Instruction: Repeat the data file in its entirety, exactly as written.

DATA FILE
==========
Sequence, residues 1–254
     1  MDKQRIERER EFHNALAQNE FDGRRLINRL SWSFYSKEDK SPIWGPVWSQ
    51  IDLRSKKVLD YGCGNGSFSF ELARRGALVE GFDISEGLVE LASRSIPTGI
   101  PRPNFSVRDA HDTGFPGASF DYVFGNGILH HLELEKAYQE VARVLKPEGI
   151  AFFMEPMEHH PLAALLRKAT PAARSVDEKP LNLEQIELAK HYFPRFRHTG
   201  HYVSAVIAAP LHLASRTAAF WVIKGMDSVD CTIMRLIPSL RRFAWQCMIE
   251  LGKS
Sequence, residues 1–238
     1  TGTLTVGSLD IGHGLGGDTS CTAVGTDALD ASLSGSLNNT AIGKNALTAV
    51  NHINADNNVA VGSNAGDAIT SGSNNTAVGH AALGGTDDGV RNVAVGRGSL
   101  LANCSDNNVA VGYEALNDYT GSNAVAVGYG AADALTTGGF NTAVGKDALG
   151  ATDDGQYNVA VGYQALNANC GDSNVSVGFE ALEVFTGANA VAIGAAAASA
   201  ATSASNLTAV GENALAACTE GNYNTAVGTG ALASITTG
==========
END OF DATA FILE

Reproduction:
Sequence, residues 1–254
     1  MDKQRIERER EFHNALAQNE FDGRRLINRL SWSFYSKEDK SPIWGPVWSQ
    51  IDLRSKKVLD YGCGNGSFSF ELARRGALVE GFDISEGLVE LASRSIPTGI
   101  PRPNFSVRDA HDTGFPGASF DYVFGNGILH HLELEKAYQE VARVLKPEGI
   151  AFFMEPMEHH PLAALLRKAT PAARSVDEKP LNLEQIELAK HYFPRFRHTG
   201  HYVSAVIAAP LHLASRTAAF WVIKGMDSVD CTIMRLIPSL RRFAWQCMIE
   251  LGKS
Sequence, residues 1–238
     1  TGTLTVGSLD IGHGLGGDTS CTAVGTDALD ASLSGSLNNT AIGKNALTAV
    51  NHINADNNVA VGSNAGDAIT SGSNNTAVGH AALGGTDDGV RNVAVGRGSL
   101  LANCSDNNVA VGYEALNDYT GSNAVAVGYG AADALTTGGF NTAVGKDALG
   151  ATDDGQYNVA VGYQALNANC GDSNVSVGFE ALEVFTGANA VAIGAAAASA
   201  ATSASNLTAV GENALAACTE GNYNTAVGTG ALASITTG